That Barton Fink Feeling
June 3, 2016 9:16 AM   Subscribe

Can someone help me thematically tie together a bunch of elements in Barton Fink relating to Jewishness?

Just to start off: you can assume I've read a lot of pieces about this movie and also I'm relatively familiar with the era of Hollywood it takes place in. But I'm just having trouble tying the, for the lack of a better term, Jewish elements in this film together in a way that makes sense. I am totally open to the idea that maybe that's not possible (I mean it is a Coen Bros. movie about writer's block.) But anyway, there's a bunch of times that Jewishness pops up in the movie in a way that isn't often obivous interrelated.

-Bare Ruined Choirs is a pastiche of Clifford Odets' Awake and Sing, about a working-class Jewish family
-Lipnick repeatedly refers to numerous people (inc. himself and Barton) as "kikes"
-The rows of unattended shoes in the hotel calling back to the Holocaust
-The Italian- and German-named detectives hunting Mundt & explicitly using the word "integrated" to refer to the hotel Barton was staying in
-Mundt's "Heil Hitler" (this is the one that I really have a hard time figuring out and initially my question was just "please explain this one line")
-Lipnick "going to war" in a movie prop costume when just previously, WW2 (and, inherently, the Holocaust) was a conspicuous absence and a bunch of Hollywood (inc. many Jews) were exporting films to Nazi Germany and e.g. removing Jewish names from the credits

I'm sure this isn't everything but what I'm looking for is a through-line if you will through all this stuff that ties it into the rest of the film's themes (artistry, pretension, selling out, etc.)
posted by griphus to Media & Arts (5 answers total) 4 users marked this as a favorite
In addition to the historical reality of Jews going to Hollywood...Really its the emotional undercurrent -- the trope about the Jews of that era 's ambivalent anxiety about being an American success. Mid-century literature by male Jewish American authors like Philip Roth dwelled on this. Feeling like you could be kicked out of the assimilated world at any moment, the unspoken vigilance against sudden displacement -- all create a cultural imposter syndrome. And at the same time, the resentment that a feeling of required assimilation inevitably breeds... This ambivalent paralysis of this emotional/cultural/masculine 20th C. Jewish trope is perfectly expressed in the image of writer's block, and the bead of sweat dripping down the face in the fear of both failure and success.
posted by flourpot at 9:29 AM on June 3, 2016 [4 favorites]

I would say that the air of unrelenting unease bordering on dread also counts.
posted by ryanshepard at 10:20 AM on June 3, 2016

I love Barton Fink and the climactic scene with Mundt in the hallway is certainly epic, but I've always felt like the heil Hitler part is a bit egregious and pretty jarring with the rest of the film.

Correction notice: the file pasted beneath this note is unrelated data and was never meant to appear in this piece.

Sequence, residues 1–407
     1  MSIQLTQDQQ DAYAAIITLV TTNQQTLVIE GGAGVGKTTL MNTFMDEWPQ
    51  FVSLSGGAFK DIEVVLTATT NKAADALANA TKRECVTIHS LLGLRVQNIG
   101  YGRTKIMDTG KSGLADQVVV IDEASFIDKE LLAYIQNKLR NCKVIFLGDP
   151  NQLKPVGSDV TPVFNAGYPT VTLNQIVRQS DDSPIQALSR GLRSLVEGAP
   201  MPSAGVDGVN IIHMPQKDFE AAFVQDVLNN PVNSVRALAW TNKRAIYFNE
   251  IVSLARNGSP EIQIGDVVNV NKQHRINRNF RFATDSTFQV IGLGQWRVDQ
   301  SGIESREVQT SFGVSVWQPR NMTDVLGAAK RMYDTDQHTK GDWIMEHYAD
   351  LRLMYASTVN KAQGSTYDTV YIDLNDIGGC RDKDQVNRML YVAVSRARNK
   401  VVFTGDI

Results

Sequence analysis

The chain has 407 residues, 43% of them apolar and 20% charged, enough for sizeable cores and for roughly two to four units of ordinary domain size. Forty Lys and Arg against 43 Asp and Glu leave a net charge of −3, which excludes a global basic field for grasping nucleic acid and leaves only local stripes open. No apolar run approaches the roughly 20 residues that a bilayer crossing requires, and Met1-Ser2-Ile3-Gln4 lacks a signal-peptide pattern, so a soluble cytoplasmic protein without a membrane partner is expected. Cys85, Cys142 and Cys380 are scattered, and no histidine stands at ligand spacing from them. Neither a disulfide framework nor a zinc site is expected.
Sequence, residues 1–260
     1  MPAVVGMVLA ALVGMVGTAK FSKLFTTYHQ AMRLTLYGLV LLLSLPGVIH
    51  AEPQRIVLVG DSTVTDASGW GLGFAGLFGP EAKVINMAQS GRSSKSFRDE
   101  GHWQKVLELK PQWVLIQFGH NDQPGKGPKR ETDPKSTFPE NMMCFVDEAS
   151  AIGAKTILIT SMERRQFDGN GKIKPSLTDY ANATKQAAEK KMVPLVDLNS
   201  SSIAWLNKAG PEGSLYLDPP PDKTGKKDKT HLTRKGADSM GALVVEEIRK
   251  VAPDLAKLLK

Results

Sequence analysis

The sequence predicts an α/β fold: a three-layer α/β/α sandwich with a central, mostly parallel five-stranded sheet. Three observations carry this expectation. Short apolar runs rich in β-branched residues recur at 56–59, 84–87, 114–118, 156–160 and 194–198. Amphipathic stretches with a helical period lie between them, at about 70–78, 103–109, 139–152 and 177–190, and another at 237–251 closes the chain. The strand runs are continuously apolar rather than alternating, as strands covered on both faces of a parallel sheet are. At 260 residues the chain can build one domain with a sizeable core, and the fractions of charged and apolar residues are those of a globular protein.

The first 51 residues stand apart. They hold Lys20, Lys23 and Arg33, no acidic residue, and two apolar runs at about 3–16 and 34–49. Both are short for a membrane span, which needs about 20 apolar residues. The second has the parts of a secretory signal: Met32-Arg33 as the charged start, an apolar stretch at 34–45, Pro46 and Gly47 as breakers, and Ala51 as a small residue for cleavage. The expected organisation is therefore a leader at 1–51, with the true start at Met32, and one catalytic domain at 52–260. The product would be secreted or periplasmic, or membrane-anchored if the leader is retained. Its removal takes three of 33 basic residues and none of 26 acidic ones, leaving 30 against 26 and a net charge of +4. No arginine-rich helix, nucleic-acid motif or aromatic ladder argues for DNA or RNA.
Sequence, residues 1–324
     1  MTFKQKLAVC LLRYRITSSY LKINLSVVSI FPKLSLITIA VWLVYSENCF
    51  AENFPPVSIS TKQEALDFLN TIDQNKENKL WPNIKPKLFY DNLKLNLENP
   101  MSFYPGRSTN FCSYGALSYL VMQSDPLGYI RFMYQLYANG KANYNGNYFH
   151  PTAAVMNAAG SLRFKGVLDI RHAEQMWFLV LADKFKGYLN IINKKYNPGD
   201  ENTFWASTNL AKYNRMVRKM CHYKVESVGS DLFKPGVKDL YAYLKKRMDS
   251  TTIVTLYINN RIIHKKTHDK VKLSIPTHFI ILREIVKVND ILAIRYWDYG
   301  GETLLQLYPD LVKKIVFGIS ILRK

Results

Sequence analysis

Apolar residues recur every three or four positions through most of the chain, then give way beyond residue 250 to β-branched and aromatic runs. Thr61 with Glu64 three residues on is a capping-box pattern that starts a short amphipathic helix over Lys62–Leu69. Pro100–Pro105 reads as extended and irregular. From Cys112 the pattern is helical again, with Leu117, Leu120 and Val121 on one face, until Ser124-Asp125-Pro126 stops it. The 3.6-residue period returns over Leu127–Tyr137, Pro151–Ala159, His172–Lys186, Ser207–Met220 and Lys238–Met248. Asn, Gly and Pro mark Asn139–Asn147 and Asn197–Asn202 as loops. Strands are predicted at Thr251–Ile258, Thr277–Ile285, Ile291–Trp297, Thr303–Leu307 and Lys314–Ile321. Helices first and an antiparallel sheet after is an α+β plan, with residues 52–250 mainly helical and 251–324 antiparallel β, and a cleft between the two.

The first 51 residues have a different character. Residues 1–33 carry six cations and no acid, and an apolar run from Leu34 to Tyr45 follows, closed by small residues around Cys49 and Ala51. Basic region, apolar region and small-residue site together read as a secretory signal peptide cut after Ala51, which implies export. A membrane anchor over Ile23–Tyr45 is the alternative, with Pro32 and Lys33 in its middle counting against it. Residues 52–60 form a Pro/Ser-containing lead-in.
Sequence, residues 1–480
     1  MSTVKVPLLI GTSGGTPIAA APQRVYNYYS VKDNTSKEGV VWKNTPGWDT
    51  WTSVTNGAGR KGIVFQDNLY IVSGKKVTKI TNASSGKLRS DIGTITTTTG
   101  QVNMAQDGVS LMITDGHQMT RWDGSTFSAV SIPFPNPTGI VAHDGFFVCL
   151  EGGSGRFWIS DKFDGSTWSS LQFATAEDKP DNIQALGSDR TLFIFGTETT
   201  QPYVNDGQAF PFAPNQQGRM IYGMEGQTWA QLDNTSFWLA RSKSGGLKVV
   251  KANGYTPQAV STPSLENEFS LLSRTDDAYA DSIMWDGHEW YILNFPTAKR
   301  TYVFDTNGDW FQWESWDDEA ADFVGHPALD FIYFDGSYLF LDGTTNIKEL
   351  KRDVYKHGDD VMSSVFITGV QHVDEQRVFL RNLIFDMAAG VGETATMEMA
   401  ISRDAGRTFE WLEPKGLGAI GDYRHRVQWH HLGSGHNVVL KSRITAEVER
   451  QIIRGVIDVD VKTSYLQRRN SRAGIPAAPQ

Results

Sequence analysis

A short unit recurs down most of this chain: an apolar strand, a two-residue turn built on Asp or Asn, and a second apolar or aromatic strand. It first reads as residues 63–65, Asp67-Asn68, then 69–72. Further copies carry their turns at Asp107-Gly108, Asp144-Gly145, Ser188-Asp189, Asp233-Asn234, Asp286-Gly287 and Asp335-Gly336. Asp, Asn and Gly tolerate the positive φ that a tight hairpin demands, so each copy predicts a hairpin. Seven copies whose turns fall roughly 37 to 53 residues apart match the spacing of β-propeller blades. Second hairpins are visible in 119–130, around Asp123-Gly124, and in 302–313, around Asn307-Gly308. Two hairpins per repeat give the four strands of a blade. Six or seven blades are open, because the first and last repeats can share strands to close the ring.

I mean, sure there are some instances and allusions to anti-Semitism throughout the film (as you illustrate), but there's nothing about Mundt that indicates particularly anti-Semitic sentiments until that point. I don't know if they just got to that point and decided that they needed something really dramatic for Mundt to say and that's what they came up with or if there is some deeper meaning behind it, but it certainly feels out of place.
posted by Fister Roboto at 10:59 AM on June 3, 2016

Response by poster: I mean Mundt's "Heil Hitler" has to be ironic (or in some way non-genuine) considering he is executing a man who is both explicitly ("integrated") and implicitly (German/Italian names) anti-Semtitic in order to rescue a Jew. I just don't really grasp what he's conveying with it.
posted by griphus at 11:22 AM on June 3, 2016

If anything, I think it's telling us that we shouldn't see Mundt's actions as "rescuing a Jew from an anti-Semite" (however problematically), but as the intrusion of an altogether different order of terrifying, absolute evil -- not the garden-variety antisemitism of the detectives, but a satanic, metaphysical evil.

Barton's relationship with Charlie Meadows always had uneasy foundations -- the initial unwelcome intrusiveness, the awkwardness of their attempts to relate to each other, the homoerotic overtones, the complicity in covering up murder -- but it also seemed to offer the possibility of real friendship and solidarity. To me, it's the "Heil Hitler" line that absolutely forecloses that possibility. Even the fact that the line is a non-sequitur marks Mundt as something alien, something impossible to relate to. Jewishness seems to function as a thing that separates Barton from "the common man" (Charlie/Mundt, the anti-Semitic detectives); in that sense, Mundt's "Heil Hitler" is the climax of the threat of rejection that's always lurking beneath Barton's relationships to other people.

It's also interesting that the two other obviously Jewish characters, Lipnick and Geisler, are the ones pushing Barton to sell out artistically. I'm not quite sure what to make of that. Maybe the idea there is that Barton can't even find solace or wholeness in his Jewish identity?
posted by Gerald Bostock at 12:21 PM on June 3, 2016 [3 favorites]

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